James Murray: Floods Returned
Slowcraft Records

There are at least two ways of listening to (and by extension, reviewing) James Murray's latest release: you can either do a track-by-track comparison between those on Floods Returned and their counterparts on the earlier albums; or you can simply give your attention exclusively to the reworks, the idea being that the release should be broached as a collection in its own right. I've opted for the latter, and not because of laziness or apathy. As I write, Floods (2012), The Land Bridge (2013), and Mount View (2014) are no more than an arm's length away, and it would be easy enough to revisit the Floods trilogy for comparison's sake. But my belief is that, whatever the similarities and differences between the originals and reworks, Floods Returned should be taken on its own terms and so in that spirit will do exactly that. (For the trainspotters out there, Murray's helpfully coupled the original track title with the new version in all nine instances.)

Murray's in a particularly productive phase at the moment, with material surfacing at a faster clip than usual. Late last year, Eyes to the Height saw the British composer return to Ultimae Records with a stellar ambient-electronic set, and then, only months later, make a Home Normal appearance with a rather more minimal take on ambient-electronica with Killing Ghosts. Now, in keeping with the release pattern of the Floods trilogy, the forty-seven-minute Floods Returned comes to us by way of his own Slowcraft Records imprint. Par for the Murray course, the material is deeply atmospheric and luscious in textural design, so much so that listening to it on a high-quality system or via headphones is recommended so that all the music's nuances can be appreciated. No instrument details are included with the release, but suffice it so say whatever he used to generate the originating sounds has been thoroughly transformed by extensive processing treatments.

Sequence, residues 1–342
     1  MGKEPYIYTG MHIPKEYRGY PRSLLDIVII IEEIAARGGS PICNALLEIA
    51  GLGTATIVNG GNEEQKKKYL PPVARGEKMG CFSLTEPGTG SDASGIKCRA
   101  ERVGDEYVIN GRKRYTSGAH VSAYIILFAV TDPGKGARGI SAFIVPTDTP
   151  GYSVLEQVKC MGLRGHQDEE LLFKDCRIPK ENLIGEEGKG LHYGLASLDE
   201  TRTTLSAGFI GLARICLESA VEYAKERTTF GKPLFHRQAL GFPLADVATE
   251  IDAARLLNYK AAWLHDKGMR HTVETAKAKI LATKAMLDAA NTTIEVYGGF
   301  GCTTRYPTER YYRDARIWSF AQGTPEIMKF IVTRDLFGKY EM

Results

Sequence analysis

Like other gifted electronic composers, Murray possesses an uncanny ability to maximize the emotional potential of the sounds produced by his instruments and electronics, such that the softly shimmering “Greenlands (Green Lane)” and “Every Ringing Bell (Riverbed)” not only dazzle the ear but touch the spirit with their melancholy character. During “Small Gestures (Becalmed),” mournful chords played on a church organ (or at least what sounds like one) dominate, whereas “Swift Returns (Departure)” has a grainy quality that intensifies the nostalgic effect. Elsewhere, slow-motion cascades flood the aural spaces magnificently, the music billowing majestically and rendered into a high-intensity blur. Without being a rehash, Floods Returned is, in short, classic Murray, a collection that in production design and emotional character is very much complementary to the material he's issued in the past.

June 2017